Look, I’m not going to say this is a “good” movie, but it was a decent Scooby-Doo film. It works because it never pretends to be anything else and the effort was focused in the right direction. It’s dumb, but if you’re willing to suspend disbelief to the right level, it’s actually pretty fun.

If, like me, you’re a Scooby-Doo fan, watch this with your kids… or just drink until you feel younger. At least it’s better than Scooby-Doo and the Reluctant Werewolf. If you’re not a Scooby-Doo fan, give Scooby-Doo on Zombie Island a try.

If you want to check out some more by the Joker on the Sofa, check out the 100 Greatest TV Episodes of All TimeCollection of TV EpisodesCollection of Movie Reviews, or the Joker on the Sofa Reviews.

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Reader Bonus: Heart of Evil (Scooby Doo: Mystery Incorporated)

ScoobyDooGangOldSchool.pngScooby-Doo doesn’t die. That Great Dane has appeared on television or in film all but 11 years since it was created in 1969. You can mock the laugh track or the premise or the fact that Shaggy is obviously high all the time, but the fact is, people love the characters, that’s why they keep coming back. Sure, they’ve changed over time: Scooby-Doo, Where Are You?, The New Scooby-Doo Movies, The 13 Ghosts of Scooby-Doo, A Pup Named Scooby-Doo, Be Cool, Scooby-Doo!, etc. They’ve added characters, then removed them, then added them back. They’ve changed premises. They’ve had the cast as kids. They’ve done it all.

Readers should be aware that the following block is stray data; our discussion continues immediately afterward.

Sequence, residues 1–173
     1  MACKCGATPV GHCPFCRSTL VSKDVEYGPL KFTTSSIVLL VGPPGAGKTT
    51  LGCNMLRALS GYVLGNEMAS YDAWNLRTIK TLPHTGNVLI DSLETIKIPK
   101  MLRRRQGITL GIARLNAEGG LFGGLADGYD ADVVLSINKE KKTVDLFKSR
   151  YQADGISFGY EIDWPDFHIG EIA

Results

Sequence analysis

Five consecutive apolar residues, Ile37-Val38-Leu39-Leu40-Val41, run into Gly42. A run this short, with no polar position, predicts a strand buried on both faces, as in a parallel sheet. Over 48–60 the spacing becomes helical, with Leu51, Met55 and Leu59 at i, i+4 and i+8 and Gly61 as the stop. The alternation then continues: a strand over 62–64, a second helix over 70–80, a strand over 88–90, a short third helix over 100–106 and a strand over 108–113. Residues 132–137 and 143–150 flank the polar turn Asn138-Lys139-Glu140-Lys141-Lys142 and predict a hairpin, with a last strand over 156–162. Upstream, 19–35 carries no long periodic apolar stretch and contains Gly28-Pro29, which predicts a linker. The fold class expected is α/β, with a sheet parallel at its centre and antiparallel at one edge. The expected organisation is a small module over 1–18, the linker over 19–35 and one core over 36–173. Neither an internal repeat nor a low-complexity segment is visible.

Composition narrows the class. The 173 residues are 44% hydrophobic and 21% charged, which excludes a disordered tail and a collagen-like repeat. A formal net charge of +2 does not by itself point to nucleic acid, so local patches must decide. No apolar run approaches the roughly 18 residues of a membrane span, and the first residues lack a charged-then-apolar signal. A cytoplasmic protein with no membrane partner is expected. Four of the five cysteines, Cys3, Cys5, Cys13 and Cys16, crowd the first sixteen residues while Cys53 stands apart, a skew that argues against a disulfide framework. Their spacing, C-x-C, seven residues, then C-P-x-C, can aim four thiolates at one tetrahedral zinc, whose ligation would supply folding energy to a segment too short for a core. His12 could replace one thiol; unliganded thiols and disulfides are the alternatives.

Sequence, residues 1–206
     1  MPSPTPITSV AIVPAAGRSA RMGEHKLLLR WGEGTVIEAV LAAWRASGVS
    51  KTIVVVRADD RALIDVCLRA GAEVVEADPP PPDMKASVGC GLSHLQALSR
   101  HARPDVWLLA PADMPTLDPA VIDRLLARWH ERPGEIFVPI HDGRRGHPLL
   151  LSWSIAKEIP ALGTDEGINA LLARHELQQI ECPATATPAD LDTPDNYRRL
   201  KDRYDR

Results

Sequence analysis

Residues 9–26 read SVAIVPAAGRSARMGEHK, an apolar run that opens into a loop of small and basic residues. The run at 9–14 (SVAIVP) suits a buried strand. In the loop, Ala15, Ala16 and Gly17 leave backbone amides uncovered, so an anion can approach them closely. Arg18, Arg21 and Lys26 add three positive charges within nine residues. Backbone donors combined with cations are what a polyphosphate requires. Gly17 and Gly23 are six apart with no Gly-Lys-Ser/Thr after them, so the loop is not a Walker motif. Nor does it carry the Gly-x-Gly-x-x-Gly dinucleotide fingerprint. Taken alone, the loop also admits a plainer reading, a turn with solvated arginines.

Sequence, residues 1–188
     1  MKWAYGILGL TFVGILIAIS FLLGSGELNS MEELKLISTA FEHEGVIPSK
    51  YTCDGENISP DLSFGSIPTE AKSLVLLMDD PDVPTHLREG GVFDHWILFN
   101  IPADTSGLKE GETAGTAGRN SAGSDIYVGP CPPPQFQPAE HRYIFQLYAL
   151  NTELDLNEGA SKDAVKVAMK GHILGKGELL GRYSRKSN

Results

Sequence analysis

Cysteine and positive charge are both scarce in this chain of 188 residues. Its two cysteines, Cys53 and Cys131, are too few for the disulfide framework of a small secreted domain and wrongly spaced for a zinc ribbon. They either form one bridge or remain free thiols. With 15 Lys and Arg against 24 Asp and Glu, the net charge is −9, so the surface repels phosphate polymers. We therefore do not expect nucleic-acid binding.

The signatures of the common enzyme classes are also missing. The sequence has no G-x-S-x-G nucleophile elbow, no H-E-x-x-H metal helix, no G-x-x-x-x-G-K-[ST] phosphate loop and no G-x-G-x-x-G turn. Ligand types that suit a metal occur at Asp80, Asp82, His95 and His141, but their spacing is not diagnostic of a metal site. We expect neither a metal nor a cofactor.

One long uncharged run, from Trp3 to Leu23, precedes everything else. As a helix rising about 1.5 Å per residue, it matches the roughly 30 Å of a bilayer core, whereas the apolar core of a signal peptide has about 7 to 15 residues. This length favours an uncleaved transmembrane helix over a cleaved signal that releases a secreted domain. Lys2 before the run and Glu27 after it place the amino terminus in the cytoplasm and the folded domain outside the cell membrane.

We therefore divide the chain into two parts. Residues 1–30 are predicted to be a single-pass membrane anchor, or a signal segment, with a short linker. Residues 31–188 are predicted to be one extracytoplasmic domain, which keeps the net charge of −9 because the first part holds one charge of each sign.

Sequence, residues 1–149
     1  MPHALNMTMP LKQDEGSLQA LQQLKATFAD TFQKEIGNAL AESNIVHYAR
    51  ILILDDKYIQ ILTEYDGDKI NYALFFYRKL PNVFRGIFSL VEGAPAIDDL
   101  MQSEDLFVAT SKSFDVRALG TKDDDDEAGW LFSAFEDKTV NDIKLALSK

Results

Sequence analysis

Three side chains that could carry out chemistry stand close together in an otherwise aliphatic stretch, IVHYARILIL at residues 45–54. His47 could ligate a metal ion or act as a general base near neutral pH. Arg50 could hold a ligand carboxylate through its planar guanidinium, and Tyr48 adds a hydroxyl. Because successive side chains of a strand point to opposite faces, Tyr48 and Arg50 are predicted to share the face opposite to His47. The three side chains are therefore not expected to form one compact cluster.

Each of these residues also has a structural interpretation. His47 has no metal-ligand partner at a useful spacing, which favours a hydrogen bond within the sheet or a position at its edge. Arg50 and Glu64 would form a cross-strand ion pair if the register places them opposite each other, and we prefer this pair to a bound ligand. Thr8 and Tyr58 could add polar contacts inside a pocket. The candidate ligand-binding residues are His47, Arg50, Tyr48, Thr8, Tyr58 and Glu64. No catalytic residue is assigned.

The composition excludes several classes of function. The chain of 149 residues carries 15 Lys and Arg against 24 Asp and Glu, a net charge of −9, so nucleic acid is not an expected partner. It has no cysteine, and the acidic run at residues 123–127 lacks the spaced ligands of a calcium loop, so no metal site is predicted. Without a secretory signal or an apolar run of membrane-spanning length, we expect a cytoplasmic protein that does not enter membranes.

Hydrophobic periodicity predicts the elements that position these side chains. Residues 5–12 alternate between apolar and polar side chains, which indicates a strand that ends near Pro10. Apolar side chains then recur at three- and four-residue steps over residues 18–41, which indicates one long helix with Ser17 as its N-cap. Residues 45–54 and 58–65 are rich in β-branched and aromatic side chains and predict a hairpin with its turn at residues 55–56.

But, in Scooby-Doo Mystery Incorporated, as opposed to they writers asking “what if we set it in space” or “what if it takes place in the future,” apparently they asked a different question: WHAT IF WE MADE THE SHOW AWESOME? And they did.

This is the IMDB for every Scooby Doo show. This series is the solid green blocks.

This series isn’t corny. It isn’t hackneyed. It isn’t pointlessly goofy. The villains in this one become willing to flat-out kill the main characters (at the beginning it’s with complicated death-traps, but by the end, it’s just pulling out a gun and opening fire). The series even has a fairly high body-count for recurring characters, and none of the deaths are taken lightly. It’s a well-written mystery-horror-comedy that manages to be inventive while still being a perfect tribute to the original show.